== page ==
Cairn Energy's discovery of a working hydrocarbon system below the seafloor off Greenland's coast does not necessarily mean the find will be commercially viable, the company says.

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Scottish-based Cairn Energy PLC has found what it calls "a working hydrocarbon system" beneath the surface of the Arctic Ocean off Greenland's coast.

On Tuesday, the company announced that drilling in the area had detected the presence of either oil or gas beneath the seafloor.

The move drew concern from Greenpeace and others that a rush to produce oil in the area would be environmentally dangerous. Fears of a deleterious impact on the environment from offshore oil have been heightened since BP's catastrophic oil spill in the Gulf of Mexico in April.

In an interview on CBC-TV's Lang and O'Leary Exchange, Simon Thomson, commercial director at Cairn Energy said more testing must be completed before proceeding.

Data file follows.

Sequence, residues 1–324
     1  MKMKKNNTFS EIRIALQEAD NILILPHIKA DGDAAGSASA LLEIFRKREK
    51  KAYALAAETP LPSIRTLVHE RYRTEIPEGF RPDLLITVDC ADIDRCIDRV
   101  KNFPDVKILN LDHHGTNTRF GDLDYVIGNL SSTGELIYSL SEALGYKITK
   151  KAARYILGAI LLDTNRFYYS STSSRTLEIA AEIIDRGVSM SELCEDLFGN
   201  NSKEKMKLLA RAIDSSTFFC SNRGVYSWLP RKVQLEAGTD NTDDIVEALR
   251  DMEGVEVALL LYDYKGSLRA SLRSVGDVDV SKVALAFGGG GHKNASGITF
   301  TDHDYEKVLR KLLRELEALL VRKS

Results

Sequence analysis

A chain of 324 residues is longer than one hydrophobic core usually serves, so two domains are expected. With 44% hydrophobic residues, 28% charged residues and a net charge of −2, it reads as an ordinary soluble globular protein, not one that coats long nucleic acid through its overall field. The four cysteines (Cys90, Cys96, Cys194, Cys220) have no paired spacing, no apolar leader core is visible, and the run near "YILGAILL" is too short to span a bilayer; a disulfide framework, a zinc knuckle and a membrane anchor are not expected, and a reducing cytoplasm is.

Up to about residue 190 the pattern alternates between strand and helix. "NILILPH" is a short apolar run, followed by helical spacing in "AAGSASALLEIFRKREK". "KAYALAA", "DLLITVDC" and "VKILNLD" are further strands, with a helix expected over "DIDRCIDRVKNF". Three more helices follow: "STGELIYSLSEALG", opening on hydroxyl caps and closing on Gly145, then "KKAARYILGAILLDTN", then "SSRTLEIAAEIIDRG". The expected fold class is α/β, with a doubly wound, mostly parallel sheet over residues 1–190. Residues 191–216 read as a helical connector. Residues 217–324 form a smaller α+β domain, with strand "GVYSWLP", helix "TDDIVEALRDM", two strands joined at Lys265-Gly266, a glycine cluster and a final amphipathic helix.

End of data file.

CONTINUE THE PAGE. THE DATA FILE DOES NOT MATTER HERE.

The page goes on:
"What it isn't, is a commercial discovery," he said. "What it is, is technical encouragement of our instinct in this area."

The offshore energy industry is in its infancy in the Arctic, as the region being probed is roughly the size of the North Sea and so far, the Greenland government has only issued a handful of drilling licences.

"The hunt continues," Thomson said. "We need to wait until the end of our drilling program at the end of this summer season before we see what we may or may not have."

The company is taking every precaution, he said, and safety is the company's top priority.

"We're approaching it very much from a preventative viewpoint," he said.